Following a killer debut guest show on our airwaves, we're super excited to chat with London-based collective, Eastern Margins.
Also a label and party starter, Eastern Margins represent sounds from the Margins of East & South-East Asia & its diaspora. With an NTS residency and collaborations with the likes of Boiler Room and Keep Hush, Eastern Margins are only adding more and more strings to their bow, from parties and round-tables through to music production relays and live gaming streams. Not to mention an incredibly talented roster of artists on their label, including Tokyo-based T5UMUT5UMU and the latest release from Hong Kong wunderkids Kelvin T & Takeem. We chat with three of the members Cheri, David and Jex, to find out more about their story so far...
Hi Cheri, David & Jex! Can you tell us a bit more about how the collective began?
Jex: it began when the co-founders David and Anthony were looking for a Lunar New Year party to go to back in 2018.
David: At the simplest level, we started it because we were bored of getting blasted in the same old KTV booths for Lunar New Year. At another level, creating Eastern Margins was born out of an aim for greater representation of East & South-East Asian culture and faces in the underground club scene. Over time, that aim of representation has evolved into an aim for elevation - elevating the voices of our community into a wider conversation. We built our community, so it’s time to tell that story to the wider world!
As well as showcasing sounds from the margins of East & South-East Asia, what are the other main ethos’ and aims of the platform?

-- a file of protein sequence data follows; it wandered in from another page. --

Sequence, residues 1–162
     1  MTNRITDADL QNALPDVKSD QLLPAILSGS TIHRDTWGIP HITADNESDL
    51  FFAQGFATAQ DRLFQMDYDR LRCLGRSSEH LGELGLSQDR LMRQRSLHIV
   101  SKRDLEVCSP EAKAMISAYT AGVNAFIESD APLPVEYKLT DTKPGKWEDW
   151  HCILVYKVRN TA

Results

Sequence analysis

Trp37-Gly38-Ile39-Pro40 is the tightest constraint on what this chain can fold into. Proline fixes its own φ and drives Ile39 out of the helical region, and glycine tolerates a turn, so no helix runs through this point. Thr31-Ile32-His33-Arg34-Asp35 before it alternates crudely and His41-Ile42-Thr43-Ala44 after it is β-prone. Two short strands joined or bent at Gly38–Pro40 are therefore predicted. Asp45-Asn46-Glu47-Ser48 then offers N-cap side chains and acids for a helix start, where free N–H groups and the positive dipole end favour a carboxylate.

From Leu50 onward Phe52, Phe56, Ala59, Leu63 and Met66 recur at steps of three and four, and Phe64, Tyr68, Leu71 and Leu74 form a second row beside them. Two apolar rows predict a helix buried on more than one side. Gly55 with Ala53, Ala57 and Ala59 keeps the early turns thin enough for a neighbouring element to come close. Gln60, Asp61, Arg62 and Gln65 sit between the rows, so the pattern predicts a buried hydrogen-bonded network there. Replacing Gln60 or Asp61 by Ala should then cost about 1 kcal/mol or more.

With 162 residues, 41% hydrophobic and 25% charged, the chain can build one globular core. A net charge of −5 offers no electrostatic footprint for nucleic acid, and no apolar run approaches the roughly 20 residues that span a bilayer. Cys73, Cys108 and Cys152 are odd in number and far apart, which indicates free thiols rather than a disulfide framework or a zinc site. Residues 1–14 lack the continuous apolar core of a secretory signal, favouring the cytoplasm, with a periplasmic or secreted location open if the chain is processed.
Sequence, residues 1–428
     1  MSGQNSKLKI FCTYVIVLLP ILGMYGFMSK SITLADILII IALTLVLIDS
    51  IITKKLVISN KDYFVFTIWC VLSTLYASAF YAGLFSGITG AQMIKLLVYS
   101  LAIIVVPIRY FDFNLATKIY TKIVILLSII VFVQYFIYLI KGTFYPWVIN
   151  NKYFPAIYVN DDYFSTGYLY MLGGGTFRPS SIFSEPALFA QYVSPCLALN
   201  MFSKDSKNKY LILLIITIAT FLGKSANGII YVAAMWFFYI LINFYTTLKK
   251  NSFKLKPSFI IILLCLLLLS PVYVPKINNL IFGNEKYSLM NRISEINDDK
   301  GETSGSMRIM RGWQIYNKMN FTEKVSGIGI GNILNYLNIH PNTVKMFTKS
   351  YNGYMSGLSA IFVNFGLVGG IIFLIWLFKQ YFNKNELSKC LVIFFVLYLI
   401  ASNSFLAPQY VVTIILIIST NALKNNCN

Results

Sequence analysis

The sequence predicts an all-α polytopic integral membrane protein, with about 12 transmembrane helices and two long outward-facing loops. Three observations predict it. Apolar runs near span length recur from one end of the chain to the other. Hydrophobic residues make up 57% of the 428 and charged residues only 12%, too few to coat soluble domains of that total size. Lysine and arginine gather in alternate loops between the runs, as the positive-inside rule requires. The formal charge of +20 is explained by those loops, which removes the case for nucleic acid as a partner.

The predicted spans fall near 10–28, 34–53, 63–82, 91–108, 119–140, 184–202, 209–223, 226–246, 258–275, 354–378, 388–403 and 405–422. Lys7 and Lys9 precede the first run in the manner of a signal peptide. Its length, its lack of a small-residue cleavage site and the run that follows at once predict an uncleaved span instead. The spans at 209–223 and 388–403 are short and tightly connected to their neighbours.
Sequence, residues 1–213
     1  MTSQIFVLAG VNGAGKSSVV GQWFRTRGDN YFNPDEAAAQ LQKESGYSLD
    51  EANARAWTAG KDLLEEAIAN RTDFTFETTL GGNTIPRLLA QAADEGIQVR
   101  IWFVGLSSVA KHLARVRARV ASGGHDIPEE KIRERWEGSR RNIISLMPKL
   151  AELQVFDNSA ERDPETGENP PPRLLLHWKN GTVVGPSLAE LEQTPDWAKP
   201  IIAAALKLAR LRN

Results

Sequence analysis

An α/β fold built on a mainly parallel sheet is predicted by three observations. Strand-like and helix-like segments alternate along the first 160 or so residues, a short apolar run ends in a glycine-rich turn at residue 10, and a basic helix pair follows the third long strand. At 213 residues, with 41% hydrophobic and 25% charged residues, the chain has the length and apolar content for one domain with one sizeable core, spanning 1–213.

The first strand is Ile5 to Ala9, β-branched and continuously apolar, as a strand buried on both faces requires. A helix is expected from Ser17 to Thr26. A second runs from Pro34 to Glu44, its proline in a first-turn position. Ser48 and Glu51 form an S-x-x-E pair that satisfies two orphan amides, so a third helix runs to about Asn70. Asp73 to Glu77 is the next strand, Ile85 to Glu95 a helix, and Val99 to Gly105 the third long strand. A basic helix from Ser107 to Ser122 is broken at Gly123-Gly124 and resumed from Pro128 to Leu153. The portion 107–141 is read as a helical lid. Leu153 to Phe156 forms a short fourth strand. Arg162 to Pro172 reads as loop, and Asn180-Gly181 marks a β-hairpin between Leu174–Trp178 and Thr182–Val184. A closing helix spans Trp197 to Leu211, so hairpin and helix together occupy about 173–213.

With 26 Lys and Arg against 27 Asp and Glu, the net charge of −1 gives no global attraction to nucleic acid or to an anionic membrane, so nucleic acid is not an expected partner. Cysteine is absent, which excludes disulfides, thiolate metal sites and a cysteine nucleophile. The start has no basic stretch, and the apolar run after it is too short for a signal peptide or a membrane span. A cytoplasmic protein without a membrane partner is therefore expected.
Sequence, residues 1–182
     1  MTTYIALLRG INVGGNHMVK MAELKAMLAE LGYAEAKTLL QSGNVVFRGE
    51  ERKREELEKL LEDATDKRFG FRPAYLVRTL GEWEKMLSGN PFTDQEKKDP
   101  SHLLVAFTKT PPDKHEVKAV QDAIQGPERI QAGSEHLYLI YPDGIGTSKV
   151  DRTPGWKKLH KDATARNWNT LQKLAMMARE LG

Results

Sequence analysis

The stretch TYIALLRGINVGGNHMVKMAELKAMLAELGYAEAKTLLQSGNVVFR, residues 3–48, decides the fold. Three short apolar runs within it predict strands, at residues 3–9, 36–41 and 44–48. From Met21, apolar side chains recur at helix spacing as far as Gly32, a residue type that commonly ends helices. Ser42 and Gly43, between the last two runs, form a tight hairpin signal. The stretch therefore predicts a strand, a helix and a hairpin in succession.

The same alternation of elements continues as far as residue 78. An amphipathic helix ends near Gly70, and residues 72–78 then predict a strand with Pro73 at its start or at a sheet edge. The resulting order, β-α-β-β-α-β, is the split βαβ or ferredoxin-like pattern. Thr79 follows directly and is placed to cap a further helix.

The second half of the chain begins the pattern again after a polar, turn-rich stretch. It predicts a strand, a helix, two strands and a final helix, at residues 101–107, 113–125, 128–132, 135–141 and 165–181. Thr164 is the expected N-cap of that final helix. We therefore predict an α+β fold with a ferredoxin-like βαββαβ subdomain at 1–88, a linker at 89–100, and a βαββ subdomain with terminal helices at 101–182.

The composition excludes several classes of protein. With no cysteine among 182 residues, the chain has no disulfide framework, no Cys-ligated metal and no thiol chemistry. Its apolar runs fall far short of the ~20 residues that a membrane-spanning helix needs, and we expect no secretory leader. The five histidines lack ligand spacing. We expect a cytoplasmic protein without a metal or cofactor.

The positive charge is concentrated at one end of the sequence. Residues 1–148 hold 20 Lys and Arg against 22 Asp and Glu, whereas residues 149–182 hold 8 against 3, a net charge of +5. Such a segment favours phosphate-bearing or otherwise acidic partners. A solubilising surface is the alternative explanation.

Jex: Other than authentically representing East and South-East Asian artists and their work, we also make sure to provide a safer space for our community in the music industry, especially the more marginalised members.
Have you noticed a difference in the music scenes of East & South East Asia as a result of what Eastern Margins are doing in the UK?
Cheri: I can’t speak for all countries, but being part of Eastern Margins has made me realise just how much there is out there that I wouldn’t have known about otherwise. My family are Malaysian, so I’ve always wondered what the Malaysian music scene was like. Growing up I was only really familiar with what my parents were listening to at the time. However, working and speaking with Shelhiel, who is based in Kuala Lumpur and is on our label, was monumental in changing that; there’s so much creativity out there that, I’m ashamed to admit, I perhaps underestimated.
How have your experiences of the music industry been? Have you faced many challenges and if so how have you overcome them?
Cheri: I often find myself being the only ESEA artist or person in music spaces that are not curated specifically by people from the ESEA community. I also feel like in the West people can be surprised when they see ESEA artists, especially in underground spaces because of the stereotypes we’ve been associated with. Whilst I I won’t ever take the opportunities I’ve received for granted, it can at times leave you feeling isolated and little jaded; as an ethnic minority you’re told that you have to work doubly hard to claim your space and success, and that in turn teaches you to view other people like yourself as competition, when in reality there is space for everyone. This is why representation is so important - discovering and meeting other ESEA DJs and artists, in particular those who are also women, trans and non-binary, made me realise that I wasn’t alone. One day I hope I can be that person for someone else. All I can do is just be myself and the right opportunities will come my way to allow me to speak out and be the change I want to see.